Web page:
Question: We went to see a lender and it was a terrifying experience. The lender says we can afford to borrow $225,000 at 4 percent interest. Our monthly payment will be $1,074.18 for principal and interest.
All of this sounded great until we found out that the total bill for our financing will be $386,705! Where does this number come from and doesn’t it make more sense to simply rent?
Answer: The odds that you will pay $387,000 for your mortgage are pretty much zero. It could happen, which is why the lender provided the figure, but in the real world, it’s implausible.
Rent is something we can all understand. For the use of someone else’s property, you pay a monthly fee. If you rent an apartment for 30 years at $1,075 per month the total cost will be the very same $387,000 (360 months x $1,075).
In practice, you will never pay $1,075 per month for an apartment because the landlord will increase the rent over time. Just think about rental rates five or ten years ago – same property and most-likely a lower rent.
A mortgage is the same idea. You have the use of someone else’s property. Instead of an apartment, the lender’s “property” is the money provided to you at closing.
In basic terms, interest is the “rent” you pay for use of the lender’s money. For a $225,000 mortgage at 4 percent, the interest cost (“rent”) over 30 years is $161,705. Combine $225,000 in principal with $161,705 in interest and the total is $386,705.
While rent and the payment of interest are parallel ideas, they are not the same – especially for savvy borrowers. If you finance with a fixed-rate mortgage, the cost for principal and interest never changes. You have locked in a big part of your future shelter costs. While the cost of taxes and insurance may go up, a fixed-rate mortgage gives borrowers a hedge against future rate hikes and higher monthly expenses.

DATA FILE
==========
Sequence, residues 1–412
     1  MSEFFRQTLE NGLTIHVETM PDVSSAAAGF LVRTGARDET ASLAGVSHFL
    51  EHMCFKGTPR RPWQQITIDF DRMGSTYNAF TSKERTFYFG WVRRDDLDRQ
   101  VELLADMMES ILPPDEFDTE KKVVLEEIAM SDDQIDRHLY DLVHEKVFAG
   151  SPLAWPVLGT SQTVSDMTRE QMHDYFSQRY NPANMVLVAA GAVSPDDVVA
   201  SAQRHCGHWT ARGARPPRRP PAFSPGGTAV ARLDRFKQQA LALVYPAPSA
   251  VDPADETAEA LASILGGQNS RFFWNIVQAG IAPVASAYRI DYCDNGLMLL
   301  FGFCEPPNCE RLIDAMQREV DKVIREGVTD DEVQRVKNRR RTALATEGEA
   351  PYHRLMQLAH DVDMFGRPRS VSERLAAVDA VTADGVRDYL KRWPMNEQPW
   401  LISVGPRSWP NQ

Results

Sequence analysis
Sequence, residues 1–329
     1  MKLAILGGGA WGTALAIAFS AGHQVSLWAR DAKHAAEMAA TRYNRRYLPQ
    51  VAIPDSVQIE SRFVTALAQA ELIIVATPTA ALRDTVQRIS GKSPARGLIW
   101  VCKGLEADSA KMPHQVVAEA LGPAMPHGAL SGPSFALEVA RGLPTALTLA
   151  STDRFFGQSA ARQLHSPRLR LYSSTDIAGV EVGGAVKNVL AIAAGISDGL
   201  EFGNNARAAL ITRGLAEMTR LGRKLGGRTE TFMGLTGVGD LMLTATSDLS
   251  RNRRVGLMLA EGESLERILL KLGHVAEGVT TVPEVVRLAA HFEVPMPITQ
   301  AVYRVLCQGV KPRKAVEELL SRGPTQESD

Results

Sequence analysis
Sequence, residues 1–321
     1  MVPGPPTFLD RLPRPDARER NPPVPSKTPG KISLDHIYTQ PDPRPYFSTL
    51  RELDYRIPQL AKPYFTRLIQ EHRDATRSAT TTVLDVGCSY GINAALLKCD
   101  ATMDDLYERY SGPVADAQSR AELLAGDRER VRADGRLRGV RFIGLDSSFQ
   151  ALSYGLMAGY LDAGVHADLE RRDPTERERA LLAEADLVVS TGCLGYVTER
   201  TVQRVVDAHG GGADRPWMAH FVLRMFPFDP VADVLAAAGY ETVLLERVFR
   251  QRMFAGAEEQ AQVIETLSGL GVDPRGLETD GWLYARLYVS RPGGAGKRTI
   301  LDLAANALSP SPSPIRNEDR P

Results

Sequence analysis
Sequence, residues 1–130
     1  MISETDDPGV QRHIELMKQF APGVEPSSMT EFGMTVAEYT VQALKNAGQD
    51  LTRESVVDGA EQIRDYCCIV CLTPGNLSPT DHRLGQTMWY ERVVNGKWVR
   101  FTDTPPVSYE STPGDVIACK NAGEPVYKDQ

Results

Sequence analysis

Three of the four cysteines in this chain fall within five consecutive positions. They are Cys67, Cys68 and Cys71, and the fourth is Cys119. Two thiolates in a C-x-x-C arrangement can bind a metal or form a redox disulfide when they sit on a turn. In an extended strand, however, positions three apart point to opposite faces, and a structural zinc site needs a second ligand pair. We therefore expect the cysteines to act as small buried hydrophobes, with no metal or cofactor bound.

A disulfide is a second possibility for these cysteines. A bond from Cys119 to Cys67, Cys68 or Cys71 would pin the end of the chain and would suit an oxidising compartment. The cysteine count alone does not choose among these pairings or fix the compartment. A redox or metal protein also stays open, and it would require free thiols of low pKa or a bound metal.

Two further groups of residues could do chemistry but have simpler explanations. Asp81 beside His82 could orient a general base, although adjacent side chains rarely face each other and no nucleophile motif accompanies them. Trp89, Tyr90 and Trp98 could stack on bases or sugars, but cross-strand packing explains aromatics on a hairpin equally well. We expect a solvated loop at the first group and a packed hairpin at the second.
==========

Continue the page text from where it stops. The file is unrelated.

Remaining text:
Unlike a landlord with an apartment rent, lenders cannot increase the interest cost of fixed-rate mortgages. This is one of the very few cases in the world of finance where borrowers have leverage. While your fixed-rate mortgage is a wondrous financial vehicle for borrowers, lenders would really be happier if borrowers took out adjustable-rate mortgages (ARMs), financing where the interest rate can go up.
Why do lenders offer fixed-rate mortgages (FRMs) if they prefer ARMs? The answer is that they’re not worried about loans being outstanding for 30 years – and neither should you. According to Freddie Mac, the typical mortgage in the third quarter was outstanding just 6.1 years before being refinanced or paid off as the result of a home sale.
When we look at a mortgage, we see the amount borrowed, the interest rate, and the monthly payment. With a fixed-rate mortgage the TOTAL monthly payment for principal and interest never changes. However, each month the cost of interest declines because some of the principal is paid down.
For instance, look at the loan’s amortization statement. In month one the total payment is $1,074.18. Of this amount, $750 is interest and $324.18 is principal. A year later the monthly payment of $1,074.18 is unchanged, but now the interest cost in month 13 is $736.79 while the principal payment is $337.39. Slowly over 30 years the mortgage will be completely paid off, it’s a “self-amortizing” debt.
If you compare mortgage payments with rent, you can see a very important difference. When you pay rent the money is gone since it goes to the landlord. That’s not evil or unfair because you have had the use of the landlord’s property.
With a mortgage the situation is different. As you pay down the debt you owe less. If the value of the property does not change, or if it goes up, your wealth increases. In the case of the $225,000 mortgage at 4 percent at the end of the first year the debt will be reduced by $3,962. At the end of two years the debt will be lower by $8,086. Etc. If you sell you will owe less to the lender and that can mean a larger check for you at closing.
Because of tax reform the ability to deduct mortgage interest will be continued, however many taxpayers will elect to take the standard deduction and not itemize. The practical effect of tax reform will be to make use of the mortgage interest and property tax deductions unrealistic for many owners.
The tax benefits of rentals and owner-occupied homes will now be the same for many taxpayers. What won’t be the same is the ability to shelter costs with a fixed-rate mortgage, the gradual reduction of debt which can make us richer, and the potential for owner profits if home values rise.